Chicago is known as the capital of the Midwest. It has deep and rich history in everything from food to jazz to sports. It has the big city bustle that you won’t experience in San Diego, but it’s also not as rude, rushed, or expensive as New York City.
Chicagoans also have their own accent and cultural twirks, like their use of the dibs system to resever parking spots in winter (see Point 5 below), and their own slang.
5. Traffic and Transit
Chicago has a much better public transit system, while both cities suffer from peak hour traffic congestion.
Tom Tom’s data shows that Chicago and San Diego have similar traffic issues. Chicago ranks as the 20th most congested city in the United States, while San Diego ranks 24th.
However, ask a San Diegan about the traffic congestion and their response is usually: “well, at least it’s not Los Angeles”. As with everything else, San Diegans compare themselves favorably to their neighbors to the north who deal with worse traffic, crime, and transit.
Chicago beats San Diego for public transit, also. Between the Chicago L (light rail) and the bus network, the Chicago Transit Authority carries 1.6 million people per day, making it the 2nd largest public transit network in North America. San Diego, on the other hand, has an underdeveloped light rail that needs significantly more investment.
One quirk of Chicago, however, is the dibs system. This is a system where, after the first major snowfall of the year, people dig their car out of the parking spot, and claim that spot for the whole winter (often by placing furniture in their parking spot when they’re out driving!). People do this because they believe that if they dig out a spot, they deserve to benefit from their hard work.
While the dibs system is technically illegal, it isn’t policed. But be quick to find a park close to home during that first snowfall or you might find that you’re parking a few block from home for the whole winter!
Both are minority majority cities, but their makeup is very different. Chicago has a large African American community while San Diego has a large Hispanic community.
The difference in demographics is, primarily, because of San Diego’s proximity to Mexico. Latin Americans who migrate to San Diego often choose San Diego because the climate is a lot like home. Now, of course, it’s often because they also have family and friends now living in San Diego.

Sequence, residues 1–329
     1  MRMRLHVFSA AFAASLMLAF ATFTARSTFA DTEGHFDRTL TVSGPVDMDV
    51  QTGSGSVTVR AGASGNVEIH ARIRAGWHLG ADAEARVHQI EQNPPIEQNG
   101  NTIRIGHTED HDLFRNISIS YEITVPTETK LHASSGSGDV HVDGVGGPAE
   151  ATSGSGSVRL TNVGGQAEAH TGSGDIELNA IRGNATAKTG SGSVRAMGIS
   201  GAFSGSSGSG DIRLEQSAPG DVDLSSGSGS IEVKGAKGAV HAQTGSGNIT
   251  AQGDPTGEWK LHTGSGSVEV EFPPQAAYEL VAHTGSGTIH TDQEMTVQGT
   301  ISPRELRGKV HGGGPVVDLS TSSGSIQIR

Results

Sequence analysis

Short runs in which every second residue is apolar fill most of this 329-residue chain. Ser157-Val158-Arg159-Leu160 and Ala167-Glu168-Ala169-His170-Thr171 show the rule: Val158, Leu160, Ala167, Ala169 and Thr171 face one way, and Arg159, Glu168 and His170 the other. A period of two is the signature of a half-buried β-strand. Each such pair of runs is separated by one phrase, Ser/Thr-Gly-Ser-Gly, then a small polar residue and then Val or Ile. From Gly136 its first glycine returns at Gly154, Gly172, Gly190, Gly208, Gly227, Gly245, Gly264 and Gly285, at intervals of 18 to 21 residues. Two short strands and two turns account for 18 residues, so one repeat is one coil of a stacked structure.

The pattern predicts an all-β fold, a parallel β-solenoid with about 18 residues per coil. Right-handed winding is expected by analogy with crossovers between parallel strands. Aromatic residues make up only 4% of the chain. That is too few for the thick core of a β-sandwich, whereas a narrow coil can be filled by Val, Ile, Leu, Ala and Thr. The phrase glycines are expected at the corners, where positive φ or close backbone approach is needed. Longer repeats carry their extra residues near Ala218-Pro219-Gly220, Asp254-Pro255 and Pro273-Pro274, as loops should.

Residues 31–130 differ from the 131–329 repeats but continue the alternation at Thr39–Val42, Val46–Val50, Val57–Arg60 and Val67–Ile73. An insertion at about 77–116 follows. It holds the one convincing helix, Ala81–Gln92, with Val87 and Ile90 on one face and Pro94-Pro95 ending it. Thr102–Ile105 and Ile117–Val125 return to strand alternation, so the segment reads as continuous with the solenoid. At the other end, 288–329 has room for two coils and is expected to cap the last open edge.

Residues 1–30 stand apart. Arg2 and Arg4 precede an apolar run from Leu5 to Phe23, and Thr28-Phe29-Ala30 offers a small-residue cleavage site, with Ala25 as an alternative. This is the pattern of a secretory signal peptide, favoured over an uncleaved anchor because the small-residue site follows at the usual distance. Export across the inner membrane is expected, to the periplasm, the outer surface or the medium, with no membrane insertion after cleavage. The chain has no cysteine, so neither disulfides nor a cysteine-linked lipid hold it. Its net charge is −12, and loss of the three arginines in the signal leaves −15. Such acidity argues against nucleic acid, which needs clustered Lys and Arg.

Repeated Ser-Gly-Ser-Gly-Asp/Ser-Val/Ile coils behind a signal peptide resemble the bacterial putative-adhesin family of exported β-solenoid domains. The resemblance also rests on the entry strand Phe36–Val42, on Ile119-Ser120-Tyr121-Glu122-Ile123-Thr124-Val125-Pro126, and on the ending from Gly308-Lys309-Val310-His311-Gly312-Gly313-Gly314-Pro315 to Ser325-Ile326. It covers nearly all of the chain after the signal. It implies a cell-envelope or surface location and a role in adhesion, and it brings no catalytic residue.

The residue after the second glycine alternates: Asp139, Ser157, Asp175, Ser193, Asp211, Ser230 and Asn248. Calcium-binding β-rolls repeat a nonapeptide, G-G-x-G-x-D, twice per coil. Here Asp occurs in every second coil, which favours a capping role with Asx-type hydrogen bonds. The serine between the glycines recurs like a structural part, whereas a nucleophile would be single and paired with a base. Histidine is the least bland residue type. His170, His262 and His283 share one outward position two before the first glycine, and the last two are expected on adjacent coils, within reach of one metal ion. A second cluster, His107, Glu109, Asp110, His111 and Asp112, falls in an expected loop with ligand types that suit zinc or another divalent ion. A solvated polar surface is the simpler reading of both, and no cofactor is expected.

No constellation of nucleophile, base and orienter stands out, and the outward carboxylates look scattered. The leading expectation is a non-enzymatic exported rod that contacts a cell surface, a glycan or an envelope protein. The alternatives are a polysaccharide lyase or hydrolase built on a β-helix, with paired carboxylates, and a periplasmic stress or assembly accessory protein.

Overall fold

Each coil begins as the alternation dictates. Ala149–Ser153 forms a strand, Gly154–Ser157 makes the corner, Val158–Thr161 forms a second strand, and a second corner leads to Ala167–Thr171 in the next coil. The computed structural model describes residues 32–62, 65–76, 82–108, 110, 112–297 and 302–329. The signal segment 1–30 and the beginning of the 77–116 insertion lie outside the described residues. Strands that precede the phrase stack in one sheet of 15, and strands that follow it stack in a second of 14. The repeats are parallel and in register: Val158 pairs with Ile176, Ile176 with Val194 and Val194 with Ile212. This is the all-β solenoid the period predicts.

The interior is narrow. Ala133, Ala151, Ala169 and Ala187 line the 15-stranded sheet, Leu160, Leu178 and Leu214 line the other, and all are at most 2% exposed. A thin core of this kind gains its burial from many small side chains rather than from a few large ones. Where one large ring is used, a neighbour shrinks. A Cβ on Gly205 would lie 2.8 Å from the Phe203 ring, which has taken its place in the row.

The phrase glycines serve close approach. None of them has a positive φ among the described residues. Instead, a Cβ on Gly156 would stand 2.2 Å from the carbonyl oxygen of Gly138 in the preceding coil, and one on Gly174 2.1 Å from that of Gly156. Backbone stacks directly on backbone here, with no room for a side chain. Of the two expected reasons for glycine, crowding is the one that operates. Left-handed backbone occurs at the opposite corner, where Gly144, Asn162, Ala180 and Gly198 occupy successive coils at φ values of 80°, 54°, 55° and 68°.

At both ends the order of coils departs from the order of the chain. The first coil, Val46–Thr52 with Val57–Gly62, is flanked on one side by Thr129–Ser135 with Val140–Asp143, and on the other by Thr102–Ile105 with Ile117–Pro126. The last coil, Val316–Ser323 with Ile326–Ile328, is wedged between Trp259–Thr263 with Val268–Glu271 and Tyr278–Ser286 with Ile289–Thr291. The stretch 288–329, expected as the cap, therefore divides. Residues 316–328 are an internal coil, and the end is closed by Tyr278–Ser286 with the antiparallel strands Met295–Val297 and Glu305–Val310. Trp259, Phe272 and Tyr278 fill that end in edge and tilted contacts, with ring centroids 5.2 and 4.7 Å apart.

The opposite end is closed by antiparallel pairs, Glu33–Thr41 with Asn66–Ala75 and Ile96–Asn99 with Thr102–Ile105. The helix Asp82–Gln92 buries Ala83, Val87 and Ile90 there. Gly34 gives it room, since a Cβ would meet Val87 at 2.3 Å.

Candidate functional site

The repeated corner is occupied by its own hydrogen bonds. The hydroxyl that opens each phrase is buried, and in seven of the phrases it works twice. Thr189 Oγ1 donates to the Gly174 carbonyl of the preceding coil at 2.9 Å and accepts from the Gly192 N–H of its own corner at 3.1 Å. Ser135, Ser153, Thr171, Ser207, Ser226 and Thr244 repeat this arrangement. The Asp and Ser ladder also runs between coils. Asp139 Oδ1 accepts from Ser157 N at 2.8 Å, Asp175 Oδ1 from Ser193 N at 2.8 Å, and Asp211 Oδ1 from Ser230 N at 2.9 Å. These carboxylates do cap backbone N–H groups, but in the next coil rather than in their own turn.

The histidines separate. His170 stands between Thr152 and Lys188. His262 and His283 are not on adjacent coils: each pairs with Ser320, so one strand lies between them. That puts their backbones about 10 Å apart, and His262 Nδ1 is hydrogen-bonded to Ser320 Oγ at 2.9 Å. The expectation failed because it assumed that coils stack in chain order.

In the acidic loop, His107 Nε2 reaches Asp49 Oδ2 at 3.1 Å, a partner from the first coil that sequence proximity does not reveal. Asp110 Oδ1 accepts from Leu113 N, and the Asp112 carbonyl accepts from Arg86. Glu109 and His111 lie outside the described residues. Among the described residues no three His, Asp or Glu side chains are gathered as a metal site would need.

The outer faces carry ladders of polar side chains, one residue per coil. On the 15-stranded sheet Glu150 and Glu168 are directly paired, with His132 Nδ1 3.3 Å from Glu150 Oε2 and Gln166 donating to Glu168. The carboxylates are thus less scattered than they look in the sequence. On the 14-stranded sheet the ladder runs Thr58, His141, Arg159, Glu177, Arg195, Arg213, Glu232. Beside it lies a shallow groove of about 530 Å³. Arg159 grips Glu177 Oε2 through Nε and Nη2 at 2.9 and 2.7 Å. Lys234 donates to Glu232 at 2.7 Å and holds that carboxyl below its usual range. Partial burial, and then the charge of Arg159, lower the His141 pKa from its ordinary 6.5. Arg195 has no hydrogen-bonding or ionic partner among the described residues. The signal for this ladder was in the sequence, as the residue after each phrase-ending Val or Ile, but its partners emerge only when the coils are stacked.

The WalletHub diversity index shows that Chicago is 14th most diverse city in the US and San Diego is 22nd.
Below are the demographic break-downs of each city:
|Hispanics and Latinos
|Blacks and African Americans
7. Outdoor Access
San Diego wins this one purely because the weather is better for outdoor activities throughout the year.
The beaches up and down the Southern California coast are amazing for outdoor activities. La Jolla Cove Beach is a great swimming beach with a family atmosphere. The best beaches for fishing in San Diego are Pacific Beach (‘PB’) where there’s a great pier for fishing and Ocean Beach City Beach which offers license-free fishing.
One area where Chicago wins is access to public parks. The Trust for Public Land gives Chicago a parkscore rating of 5th in the USA, while San Diego ranks 27th. This rating shows Chicago has public parks within 10 minutes walk of nearly every resident, and public park amenities are high-quality.
Chicago also sits on the shores of Lake Michigan where there are plenty of summer recreation opportunities, especially up and down Lakeshore Drive.
8. Job Prospects
Chicago is a larger city and state capital, meaning there are more job prospects. However, the big military presence in San Diego means there’s always jobs there, too.
Overall, both Chicago and San Diego have established and mature economies. The economic diversity in both city means there are jobs in nearly every industry.
However, San Diego does have strengths in military and biotechnology, while Chicago has a good financial sector. Chicago also has two world-class universities (University of Chicago and Northwestern).
Chicago’s crime rates are very bad, while San Diego’s are really quite good for a decent sized city in California.
According to Area Vibes, Chicago’s crime rate is 58% above the national average, while San Diego’s is 10% below the national average.
For a major city in California (a state known for its crime issues), San Diego is impressively safe. This makes it a more appealing prospect as a place to raise a family.